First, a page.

Zachary Prong focuses on long-term project
A smudging ceremony on Cote First Nation, Saskatchewan. Performed to cleanse a place of its negative energy, it was organized by Stanley Cote, a member of the Winnipeg-based First Nation Indigenous Warriors and the American Indian Movement, a civil rights organization with chapters across North America. They travelled to Cote to lend support to a community that has been shaken by a string of suicides, violent deaths and overdoses in recent years. Half way through the walk, the group stopped at the place where Stanley’s 19 year-old son Tre was accused of beating 24 year-old Freedom Gladue to death one night this past February. Some of Freedom’s relatives held each other and sobbed as Stanley and others said a prayer. “I hope it gave them some sense of peace. I feel terrible about my son killing that kid. He was only 24. And now my son is gone for I don’t know how long too. I don’t condone what he did, but I love him no matter what. He’ll always be my son. I look at the situation and my sons have nothing to turn to. They’re just hopeless. All they got is gangs, violence, drugs.” Stanley recently founded a youth warrior society on Cote, “Indigenous Warriors,” a group he hopes will give young people an opportunity to confront and solve problems that they face in their community. (2017/07/06) Photo by Zachary Prong
Zachary Prong graduated from the Loyalist College Photojournalism Program in 2016. He has since worked as a photographer and videographer for the Winnipeg Free Press, Reuters and the United Nations High Commissioner for Refugees. He is currently living in Winnipeg where he is working on a long-term documentary project. His work has been recognized by the News Photographers Association of Canada, College Photographer of the Year and he was a participant in the Eddie Adams Workshop.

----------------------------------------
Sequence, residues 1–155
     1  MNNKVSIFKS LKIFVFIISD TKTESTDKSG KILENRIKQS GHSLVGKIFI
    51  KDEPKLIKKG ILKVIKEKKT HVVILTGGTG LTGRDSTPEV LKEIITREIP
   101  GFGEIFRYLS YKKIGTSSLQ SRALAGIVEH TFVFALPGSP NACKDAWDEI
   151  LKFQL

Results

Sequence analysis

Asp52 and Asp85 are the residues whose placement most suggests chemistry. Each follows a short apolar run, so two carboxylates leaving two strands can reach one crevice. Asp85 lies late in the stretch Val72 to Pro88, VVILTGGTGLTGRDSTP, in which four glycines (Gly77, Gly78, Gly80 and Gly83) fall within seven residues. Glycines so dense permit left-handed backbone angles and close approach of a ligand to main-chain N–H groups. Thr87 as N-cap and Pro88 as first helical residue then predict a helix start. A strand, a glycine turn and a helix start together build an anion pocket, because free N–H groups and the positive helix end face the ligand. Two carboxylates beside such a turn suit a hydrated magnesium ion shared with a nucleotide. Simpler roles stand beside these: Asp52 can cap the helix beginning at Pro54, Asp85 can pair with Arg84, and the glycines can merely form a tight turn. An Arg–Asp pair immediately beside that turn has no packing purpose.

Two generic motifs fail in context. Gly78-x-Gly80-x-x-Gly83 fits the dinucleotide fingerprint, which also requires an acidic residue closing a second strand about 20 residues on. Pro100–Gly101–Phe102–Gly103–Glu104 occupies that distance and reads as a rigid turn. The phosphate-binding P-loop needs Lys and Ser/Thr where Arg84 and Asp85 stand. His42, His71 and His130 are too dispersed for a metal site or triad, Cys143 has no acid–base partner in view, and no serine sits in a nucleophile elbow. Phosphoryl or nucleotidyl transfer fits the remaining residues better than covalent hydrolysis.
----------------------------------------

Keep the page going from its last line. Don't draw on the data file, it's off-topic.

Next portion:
Photojournalism program testimonial
I came to Loyalist not expecting much more than a grounding in the basics of photojournalism, but the program proved to be intellectually rewarding in ways I hadn’t foreseen. With the guidance and critical feedback of my instructors and classmates, the projects I worked on as a student allowed me to wrestle with the many challenges presented by documentary work. More than just teaching me how to make pretty pictures, I was forced to consider all kinds of ethical issues and think more deeply about what I hope to achieve with my practice. But perhaps most importantly, through my classmates, teachers and other alumni, I’m now part of a community of passionate visual storytellers working across the globe.